Workers have been known to collapse whilst toiling away with no recourse to medical care as they are undocumented.

The ascendance of Right-Wing ideologies in European politics is even worsening the situation for migrants. The Spanish Party, Vox, has garnered a lot of votes in recent times and seen their poll ratings soar by promising to deport all ‘illegal’ immigrants if elected.

The reality is that the farmers who exploit migrants and their labour, need them to stay in business. The farmers can hardly cope with the declining populations willing to undergo cheap, back-breaking labour and the effects of climatic conditions, such as the sub 50 degrees heat, they have to work in at the height of summer.

A Senegalese man who lives in Andalusia, Serigne Mamadou Keinde Diassaka, recently drew attention when he published a Facebook a video (seen more than 600,000 times) at six in the morning in a vineyard in Albacete. Responding to Vox’s right-wing rhetoric, he said: “Here’s what we immigrants do: work.”

Farmers like  turkeys voting for Xmas

The farmers voting for Vox are no different to turkeys voting for Christmas. Whilst  they’re not happy with the presence of foreigners from a different culture who don’t (in their opinion)fit into their desired aesthetics, they do realise that without  the cheap labour they would hardly stay afloat, to talk nothing of the profit they’re currently making.

Two years of living in Andalusia brought home to me, a few home truths re the full impact of the Transatlantic Migration to Europe via the North African coast.

Cuevas, where we lived, has a very high population of illegal immigrants that work  the fields. They live in rundown houses on the edge of the town. The squalor is very palpable. Some houses house over 15 occupants and sometimes even more.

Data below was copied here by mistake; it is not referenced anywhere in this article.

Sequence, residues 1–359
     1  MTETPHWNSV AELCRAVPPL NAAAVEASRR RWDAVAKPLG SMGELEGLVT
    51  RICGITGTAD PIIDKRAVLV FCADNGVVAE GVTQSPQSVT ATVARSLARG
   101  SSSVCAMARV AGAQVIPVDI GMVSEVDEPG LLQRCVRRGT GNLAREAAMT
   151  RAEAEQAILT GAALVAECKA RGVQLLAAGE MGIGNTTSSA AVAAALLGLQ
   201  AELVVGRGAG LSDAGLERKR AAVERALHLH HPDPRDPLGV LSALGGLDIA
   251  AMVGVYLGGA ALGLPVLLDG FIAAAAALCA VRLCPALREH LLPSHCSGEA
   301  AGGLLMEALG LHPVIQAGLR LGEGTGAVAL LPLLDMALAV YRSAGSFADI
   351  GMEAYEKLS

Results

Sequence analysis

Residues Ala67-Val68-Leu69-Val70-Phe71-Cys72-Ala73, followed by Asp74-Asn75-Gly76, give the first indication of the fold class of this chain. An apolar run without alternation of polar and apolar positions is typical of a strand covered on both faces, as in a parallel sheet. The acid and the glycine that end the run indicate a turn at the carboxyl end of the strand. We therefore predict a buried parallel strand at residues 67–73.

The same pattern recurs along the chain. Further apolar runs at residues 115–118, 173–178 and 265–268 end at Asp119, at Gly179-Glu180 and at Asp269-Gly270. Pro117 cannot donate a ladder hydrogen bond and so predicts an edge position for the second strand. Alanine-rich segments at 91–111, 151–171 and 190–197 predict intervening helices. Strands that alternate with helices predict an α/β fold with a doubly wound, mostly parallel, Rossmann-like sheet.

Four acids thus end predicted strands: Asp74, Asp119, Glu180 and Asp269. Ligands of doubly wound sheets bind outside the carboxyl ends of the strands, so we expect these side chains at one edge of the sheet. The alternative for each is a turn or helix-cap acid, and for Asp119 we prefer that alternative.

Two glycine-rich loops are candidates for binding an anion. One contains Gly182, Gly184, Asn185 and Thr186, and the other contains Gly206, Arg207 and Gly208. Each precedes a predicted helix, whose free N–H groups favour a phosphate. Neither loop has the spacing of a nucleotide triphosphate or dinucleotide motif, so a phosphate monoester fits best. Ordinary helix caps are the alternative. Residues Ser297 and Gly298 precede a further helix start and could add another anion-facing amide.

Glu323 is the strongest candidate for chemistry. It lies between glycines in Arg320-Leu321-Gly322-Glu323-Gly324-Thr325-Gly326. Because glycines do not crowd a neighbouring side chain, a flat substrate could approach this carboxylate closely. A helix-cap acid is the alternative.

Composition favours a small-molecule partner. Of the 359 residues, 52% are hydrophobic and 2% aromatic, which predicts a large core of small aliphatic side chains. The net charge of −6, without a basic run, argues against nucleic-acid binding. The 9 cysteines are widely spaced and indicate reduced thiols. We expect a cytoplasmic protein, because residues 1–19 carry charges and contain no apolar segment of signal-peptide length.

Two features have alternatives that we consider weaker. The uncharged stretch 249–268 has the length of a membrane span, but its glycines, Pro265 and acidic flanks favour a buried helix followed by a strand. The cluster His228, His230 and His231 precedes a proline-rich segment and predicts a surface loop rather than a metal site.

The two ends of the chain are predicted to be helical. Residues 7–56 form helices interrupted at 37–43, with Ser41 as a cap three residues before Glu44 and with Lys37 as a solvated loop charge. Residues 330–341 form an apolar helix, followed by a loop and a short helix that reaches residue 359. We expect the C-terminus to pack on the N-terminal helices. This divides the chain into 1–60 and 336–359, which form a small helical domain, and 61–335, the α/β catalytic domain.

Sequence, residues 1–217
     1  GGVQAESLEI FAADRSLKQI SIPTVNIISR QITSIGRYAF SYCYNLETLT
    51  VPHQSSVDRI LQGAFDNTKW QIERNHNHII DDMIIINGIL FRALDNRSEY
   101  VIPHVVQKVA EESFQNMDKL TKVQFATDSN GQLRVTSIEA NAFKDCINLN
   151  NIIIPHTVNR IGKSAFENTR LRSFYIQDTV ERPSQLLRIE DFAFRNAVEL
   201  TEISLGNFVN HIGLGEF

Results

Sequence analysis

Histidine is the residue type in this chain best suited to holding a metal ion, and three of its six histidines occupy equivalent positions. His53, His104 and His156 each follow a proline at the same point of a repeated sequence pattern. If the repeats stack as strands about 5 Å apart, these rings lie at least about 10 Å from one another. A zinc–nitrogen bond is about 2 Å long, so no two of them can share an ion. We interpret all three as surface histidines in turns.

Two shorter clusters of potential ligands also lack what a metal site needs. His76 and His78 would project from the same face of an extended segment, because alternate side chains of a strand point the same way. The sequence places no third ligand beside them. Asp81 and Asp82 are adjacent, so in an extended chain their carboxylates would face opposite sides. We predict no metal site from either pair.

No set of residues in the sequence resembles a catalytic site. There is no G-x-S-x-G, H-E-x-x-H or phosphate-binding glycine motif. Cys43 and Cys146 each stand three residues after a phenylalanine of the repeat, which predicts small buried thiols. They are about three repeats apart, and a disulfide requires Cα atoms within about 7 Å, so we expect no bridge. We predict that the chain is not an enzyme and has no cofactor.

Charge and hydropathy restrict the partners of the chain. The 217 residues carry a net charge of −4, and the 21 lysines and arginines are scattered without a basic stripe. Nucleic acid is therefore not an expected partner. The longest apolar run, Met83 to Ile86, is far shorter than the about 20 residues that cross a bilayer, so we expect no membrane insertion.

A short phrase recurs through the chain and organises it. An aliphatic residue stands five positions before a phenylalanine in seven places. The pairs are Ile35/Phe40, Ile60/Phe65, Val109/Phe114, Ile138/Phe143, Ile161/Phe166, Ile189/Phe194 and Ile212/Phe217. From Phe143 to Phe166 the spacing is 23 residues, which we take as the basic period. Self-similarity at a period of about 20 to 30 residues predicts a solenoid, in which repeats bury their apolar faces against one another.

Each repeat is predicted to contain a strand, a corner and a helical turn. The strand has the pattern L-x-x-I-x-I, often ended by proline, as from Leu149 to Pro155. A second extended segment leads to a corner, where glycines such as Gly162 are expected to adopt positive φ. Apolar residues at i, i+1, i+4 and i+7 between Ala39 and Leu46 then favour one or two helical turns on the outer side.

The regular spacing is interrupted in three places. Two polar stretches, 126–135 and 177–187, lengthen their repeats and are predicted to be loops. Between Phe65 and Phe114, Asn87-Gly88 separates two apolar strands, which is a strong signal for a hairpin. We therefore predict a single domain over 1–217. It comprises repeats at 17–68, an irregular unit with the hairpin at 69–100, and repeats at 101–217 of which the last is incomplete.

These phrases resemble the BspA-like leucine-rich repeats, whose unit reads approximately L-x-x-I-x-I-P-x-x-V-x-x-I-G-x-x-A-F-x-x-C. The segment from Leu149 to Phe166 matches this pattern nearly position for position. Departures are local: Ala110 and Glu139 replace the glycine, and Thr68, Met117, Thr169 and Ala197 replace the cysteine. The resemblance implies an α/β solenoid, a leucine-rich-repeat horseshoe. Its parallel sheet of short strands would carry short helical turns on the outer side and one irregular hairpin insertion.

The landlords collect rent and don’t bother to make the houses habitable as they know that their tenants will not complain to the authorities as a vast majority are undocumented.

Bringing Islam back to spain

Thanks in part to these immigrants, Islam is making a resurgence  in Spain after hundreds of years of going into extinction following the Spanish Inquisition. This part of Spain was under Moorish rule for over 800years after all.

I vividly recall my first day at the local gym, where I caused a stir as everyone  turned round  to gawp as I easily stood out; the local immigrant population had no  time for such “frivolities”.

This setup is replicated all around Almeria (a city in Andalusia); wherever you see greenhouses, there’s always an immigrant shanty settlement nearby to provide cheap labour. Sadly, for most of the young men and women they have no other  option but to tough it out regardless of the outcome. Going back home is not an option as they would be seen as failures, but this is the least of their worries. Even  of more concern is the deprivation, conflict, inequalities corruption and other  conditions that drove them away from home in the first place.

Dying whilst attempting to cross the Atlantic Ocean is a price most deem not too steep to pay as subsistence in their impoverished home countries was non-existent. Another

serious driving force for massive migration we have seen in the past few years, is undoubtedly the conflicts that have displaced millions in Sub-Saharan & North  Africa.

Terrorist groups like Al Qaeda and Boko Haram have wrought havoc across huge swathes of Northern Nigeria & North Africa (Niger, Algeria, Tunisia, and Libya).

Across the sea in England, the produce from Spanish greenhouses abound in top supermarkets that pride themselves as champions of ethical farming and fair trade,

yet the exploitation of immigrants to ensure their supply, goes unabated in broad daylight.

The big supermarket chains have the clout to enforce changes in the working schedule of the greenhouses to ensure that they are in line with EU regulations and  that the workers get what is due to them.

Meanwhile on a beach somewhere in Andalusia right now, newly arrived migrants are scampering ashore celebrating their arrival in Nirvana.

  • Additional information from Wikipedia;  theolivepress.es; Telegraph.co.uk; thelocal.es and ecfr.eu